Court rules that secure lender unreasonably withholds consent to disposal of property

  • In Crowther and another v Arbuthnot Latham & Co Ltd [2018] EWHC 504, the High Court determined that a secured lender had unreasonably withheld its consent to a disposal of property.
  • The borrower’s outstanding indebtedness was €5.9 million which was secured by their property in France which was worth around €4 million.
  • The proceedings that the borrowers brought against the lender were settled on the terms of a Tomlin order which inserted a provision into the remaining loan agreement stating that: “If, with the prior approval of the bank (such approval not to be unreasonably withheld or delayed), the property is sold, you shall immediately repay to the bank the net proceeds of sale”.
  • An offer was made on the borrower’s property for over €4 million but the lender refused to consent to the sale on the grounds of no further security for the remaining indebtedness and an agreed repayment plan.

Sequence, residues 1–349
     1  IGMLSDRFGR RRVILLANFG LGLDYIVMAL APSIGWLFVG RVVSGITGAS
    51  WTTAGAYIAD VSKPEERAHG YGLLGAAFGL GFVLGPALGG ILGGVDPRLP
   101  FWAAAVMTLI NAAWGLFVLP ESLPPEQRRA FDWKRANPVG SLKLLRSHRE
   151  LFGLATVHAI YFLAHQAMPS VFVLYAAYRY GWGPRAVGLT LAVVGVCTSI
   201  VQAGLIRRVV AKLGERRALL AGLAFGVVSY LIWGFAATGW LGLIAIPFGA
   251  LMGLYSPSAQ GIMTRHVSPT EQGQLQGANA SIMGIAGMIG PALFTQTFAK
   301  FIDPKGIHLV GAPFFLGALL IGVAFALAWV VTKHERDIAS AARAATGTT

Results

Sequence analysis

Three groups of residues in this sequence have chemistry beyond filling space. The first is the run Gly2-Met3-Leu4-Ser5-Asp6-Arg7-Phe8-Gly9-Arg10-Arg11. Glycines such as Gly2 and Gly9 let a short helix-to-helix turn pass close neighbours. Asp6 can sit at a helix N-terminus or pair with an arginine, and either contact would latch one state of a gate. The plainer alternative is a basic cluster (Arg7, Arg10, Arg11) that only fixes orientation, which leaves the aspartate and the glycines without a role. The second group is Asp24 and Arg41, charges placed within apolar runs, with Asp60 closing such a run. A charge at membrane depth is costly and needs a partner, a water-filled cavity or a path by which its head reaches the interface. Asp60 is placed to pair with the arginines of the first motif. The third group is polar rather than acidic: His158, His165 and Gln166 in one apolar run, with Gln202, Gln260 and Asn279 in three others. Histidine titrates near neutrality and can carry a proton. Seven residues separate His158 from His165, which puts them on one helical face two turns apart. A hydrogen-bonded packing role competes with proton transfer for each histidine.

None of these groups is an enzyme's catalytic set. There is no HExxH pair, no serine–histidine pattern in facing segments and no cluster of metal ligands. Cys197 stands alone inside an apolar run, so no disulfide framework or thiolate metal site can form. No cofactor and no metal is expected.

• It was ruled that the lender was in breach of the requirement to not withhold consent unreasonably. A reasoning is Wednesbury unreasonable (or irrational) if it is so unreasonable that no reasonable person acting reasonably could have made it.
  • It was known that the property did not provide security for the whole indebtedness when the provision was agreed.
  • If a better price may have been obtained then to delay consent may have been unreasonable, but this was not suggested in this case.
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